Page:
Protests for abortion rights, a weekend recap

Following the overturning of Roe v. Wade by the United States Supreme Court on June 24, Iowans took the streets this weekend to march for abortion rights.


Grace Smith

Protesters yell toward Iowa Gov. Kim Reynold’s mansion during an abortion-rights protest in Des Moines, Iowa, following the U.S. Supreme Court’s decision to overturn Roe V. Wade on Friday, June 24, 2022. Thousands of protesters marched from Central Academy’s campus to Gov. Reynolds’ mansion on Terrace Hill.

After the U.S. Supreme Court overturned Roe v. Wade, Iowa City and Des Moines demonstrators took to the streets throughout the weekend.

On Friday night, demonstrators arrived at the Pentacrest. Organized by local abortion access activist, Mica Dolan, speakers from the Emma Goldman Clinic, Planned Parenthood, and other protesters expressed feelings about the ruling.

Francine Thompson, the executive director of the Emma Goldman Clinic, said at the protest on Friday that protesters should take their anger and vote for pro-choice candidates in the upcoming November elections.

“We have a long, hard fight ahead of us,” Thompson said. “The real impact of these bans are devastating. People are forced to either leave their communities to seek care, [or] are forced to remain pregnant and give birth.”

After the speakers, the protesters marched through the streets, with organizers scouting ahead to direct cars away from the marching route. No injuries were reported in connection to the protest.

Meanwhile, in Des Moines, around 2,000 protesters marched from Central Academy to Gov. Kim Reynolds’ house. The protesters put signs on her fence while chanting “My body, my choice” and “F*** Kim Reynolds.”

Jalesha Johnson, leader of the protest, said now that Roe v. Wade has been overturned, she doesn’t feel much different from how she has throughout her adult life.

“I feel hopeful, I feel angry, I feel upset,” Johnson said. “But I also feel motivated to continue to make a movement, to make my city safer for all of the people that inhabit it.”

RELATED: Abortion-rights protest in Des Moines following overturn of Roe v. Wade

Johnson, 23, said she’s been organizing protests since she was 16. In order for the political climate in Iowa to change, she said, it’s going to take a lot of people showing that they’re fed up in a lot of different ways.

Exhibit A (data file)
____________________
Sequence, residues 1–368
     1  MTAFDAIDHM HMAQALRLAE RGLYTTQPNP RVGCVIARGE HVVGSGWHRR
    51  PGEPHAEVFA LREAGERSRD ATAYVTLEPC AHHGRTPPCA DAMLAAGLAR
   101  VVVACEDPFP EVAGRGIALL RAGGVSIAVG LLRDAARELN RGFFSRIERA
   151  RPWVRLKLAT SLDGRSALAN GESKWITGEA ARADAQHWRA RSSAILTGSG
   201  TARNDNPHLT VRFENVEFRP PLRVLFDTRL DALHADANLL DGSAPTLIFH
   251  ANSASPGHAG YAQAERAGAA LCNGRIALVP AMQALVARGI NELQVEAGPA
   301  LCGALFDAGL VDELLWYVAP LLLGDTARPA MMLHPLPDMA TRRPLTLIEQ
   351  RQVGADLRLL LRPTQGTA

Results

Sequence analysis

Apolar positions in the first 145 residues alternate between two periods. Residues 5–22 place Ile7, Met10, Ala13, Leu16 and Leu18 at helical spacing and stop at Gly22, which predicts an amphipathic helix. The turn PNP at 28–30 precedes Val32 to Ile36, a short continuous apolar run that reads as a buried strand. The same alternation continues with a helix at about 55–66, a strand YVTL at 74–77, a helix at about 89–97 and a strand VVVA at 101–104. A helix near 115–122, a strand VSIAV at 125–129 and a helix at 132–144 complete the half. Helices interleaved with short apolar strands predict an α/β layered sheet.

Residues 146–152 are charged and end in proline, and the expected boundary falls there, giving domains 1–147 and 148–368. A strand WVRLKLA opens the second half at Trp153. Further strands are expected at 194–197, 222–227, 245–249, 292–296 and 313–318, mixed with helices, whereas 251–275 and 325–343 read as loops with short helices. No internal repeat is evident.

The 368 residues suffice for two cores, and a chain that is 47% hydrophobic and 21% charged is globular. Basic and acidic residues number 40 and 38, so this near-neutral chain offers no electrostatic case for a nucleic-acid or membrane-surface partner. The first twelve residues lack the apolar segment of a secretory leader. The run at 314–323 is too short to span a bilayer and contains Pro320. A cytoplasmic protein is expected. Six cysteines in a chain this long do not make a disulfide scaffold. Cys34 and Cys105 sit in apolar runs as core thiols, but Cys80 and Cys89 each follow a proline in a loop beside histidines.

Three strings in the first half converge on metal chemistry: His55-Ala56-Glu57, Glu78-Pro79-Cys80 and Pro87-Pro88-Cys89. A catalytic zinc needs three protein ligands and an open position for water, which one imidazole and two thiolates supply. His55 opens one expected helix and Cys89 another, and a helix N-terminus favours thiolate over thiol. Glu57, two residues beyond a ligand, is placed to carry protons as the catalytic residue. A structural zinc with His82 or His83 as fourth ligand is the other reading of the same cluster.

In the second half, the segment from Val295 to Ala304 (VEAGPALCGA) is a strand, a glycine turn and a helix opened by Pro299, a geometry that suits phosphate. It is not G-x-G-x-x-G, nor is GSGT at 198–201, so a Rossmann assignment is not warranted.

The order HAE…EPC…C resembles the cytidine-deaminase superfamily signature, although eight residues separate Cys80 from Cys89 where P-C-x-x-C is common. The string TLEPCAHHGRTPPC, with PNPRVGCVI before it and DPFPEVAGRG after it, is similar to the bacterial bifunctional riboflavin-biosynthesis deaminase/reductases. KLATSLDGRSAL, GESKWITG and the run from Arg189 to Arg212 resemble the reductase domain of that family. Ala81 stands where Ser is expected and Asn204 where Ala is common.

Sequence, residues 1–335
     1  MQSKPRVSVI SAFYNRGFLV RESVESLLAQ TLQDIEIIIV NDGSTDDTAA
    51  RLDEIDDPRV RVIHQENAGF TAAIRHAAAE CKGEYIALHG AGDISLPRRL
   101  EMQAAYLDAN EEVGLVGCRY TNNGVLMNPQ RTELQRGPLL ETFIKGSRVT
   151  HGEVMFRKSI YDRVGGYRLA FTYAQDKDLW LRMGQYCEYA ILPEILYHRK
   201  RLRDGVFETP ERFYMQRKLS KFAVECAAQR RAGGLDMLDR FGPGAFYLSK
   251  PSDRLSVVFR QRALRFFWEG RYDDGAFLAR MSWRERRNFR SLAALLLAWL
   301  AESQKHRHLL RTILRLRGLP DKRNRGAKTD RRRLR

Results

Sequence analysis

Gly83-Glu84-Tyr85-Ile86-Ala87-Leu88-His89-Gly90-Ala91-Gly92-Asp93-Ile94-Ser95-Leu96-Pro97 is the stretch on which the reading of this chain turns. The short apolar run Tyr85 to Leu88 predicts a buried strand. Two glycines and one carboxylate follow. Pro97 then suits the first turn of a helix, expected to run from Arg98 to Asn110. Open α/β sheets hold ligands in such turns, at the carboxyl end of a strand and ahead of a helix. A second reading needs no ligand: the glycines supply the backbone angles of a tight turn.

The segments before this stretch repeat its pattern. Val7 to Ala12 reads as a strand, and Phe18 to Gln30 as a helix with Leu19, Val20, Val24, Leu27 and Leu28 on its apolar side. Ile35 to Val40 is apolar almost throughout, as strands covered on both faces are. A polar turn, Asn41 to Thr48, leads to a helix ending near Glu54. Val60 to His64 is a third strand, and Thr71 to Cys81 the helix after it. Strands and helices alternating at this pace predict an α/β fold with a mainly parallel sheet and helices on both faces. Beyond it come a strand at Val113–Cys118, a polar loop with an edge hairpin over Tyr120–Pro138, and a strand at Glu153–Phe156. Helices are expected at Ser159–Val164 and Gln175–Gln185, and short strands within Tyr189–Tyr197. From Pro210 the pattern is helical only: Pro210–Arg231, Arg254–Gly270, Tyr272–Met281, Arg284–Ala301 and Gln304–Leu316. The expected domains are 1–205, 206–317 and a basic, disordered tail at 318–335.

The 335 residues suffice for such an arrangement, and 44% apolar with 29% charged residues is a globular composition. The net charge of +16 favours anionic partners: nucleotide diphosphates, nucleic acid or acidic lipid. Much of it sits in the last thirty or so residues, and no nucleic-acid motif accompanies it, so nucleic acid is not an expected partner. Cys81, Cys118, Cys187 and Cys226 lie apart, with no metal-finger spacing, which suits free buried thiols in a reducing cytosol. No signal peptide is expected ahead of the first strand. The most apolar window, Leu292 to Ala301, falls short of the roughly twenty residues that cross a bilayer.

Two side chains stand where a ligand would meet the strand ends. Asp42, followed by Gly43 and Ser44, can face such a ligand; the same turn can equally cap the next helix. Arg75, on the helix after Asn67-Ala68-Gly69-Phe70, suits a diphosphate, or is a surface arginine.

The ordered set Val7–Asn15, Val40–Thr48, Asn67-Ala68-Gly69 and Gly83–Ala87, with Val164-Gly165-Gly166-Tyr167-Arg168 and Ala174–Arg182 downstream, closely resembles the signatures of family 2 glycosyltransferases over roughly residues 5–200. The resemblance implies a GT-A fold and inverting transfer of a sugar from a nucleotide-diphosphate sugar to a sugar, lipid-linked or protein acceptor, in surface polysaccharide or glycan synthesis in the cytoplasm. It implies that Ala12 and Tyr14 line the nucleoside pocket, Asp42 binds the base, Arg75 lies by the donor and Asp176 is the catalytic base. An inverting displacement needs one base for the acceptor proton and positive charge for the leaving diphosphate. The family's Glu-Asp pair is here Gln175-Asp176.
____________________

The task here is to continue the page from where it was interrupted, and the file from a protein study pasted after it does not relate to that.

“I think it’s going to take folks using all of their excess energy and pushing the people that are in power — making them feel pressured to do something to make this world safer.”

Ryan Maher, a protester holding an upside-down U.S. flag, symbolizing that the nation is in distress, said he worries that the Supreme Court isn’t going to stop at abortion.

“[Justice] Clarence Thomas even said they want to go after marriage equality, contraception — ironically, everything but interracial marriage. I wonder why,” Maher said with sarcasm, referencing the fact that Thomas is in an interracial marriage.

Deann Dalrymple, a demonstrator who attended protests in favor of abortion rights before the 1973 Roe v. Wade case, said she can’t believe she’s having to do this all over again.

“If they can overturn this, they can do whatever they want. It’s just another right that’s been taken away,” Dalrymple said.

On Saturday in Iowa City, protesters gathered again at the Pentacrest for the “Night of Rage.” Protesters voiced their anger for about an hour before marching to Informed Choices, a clinic protest organizers say is anti-choice, and spray painted the clinic’s sign.

Freya Baum, a “Night of Rage” protester who uses they/them pronouns, said that they have a condition known as Ehlers Danlos hypermobility disorder, which is a genetic disorder that affects joints, making it painful to move. The National Center for Advancing Translational Sciences estimates that anywhere from 30,000 to 200,000 Americans have this condition.

Baum said if they were to become pregnant and give birth, they could potentially die.

In Iowa, abortion is granted after 21 weeks if the life of the pregnant person is at risk, or if their physical health could be severely impacted, but Baum does not trust that the Iowa government would grant people an abortion with their condition.

“Once they get an inch, they’ll take a mile,” Baum said. “They’re gonna force a lot of people like me to die on those tables — to die during their pregnancy and leave a child without anything, to get forced into foster care.”

More protests are slated to happen as the month goes on.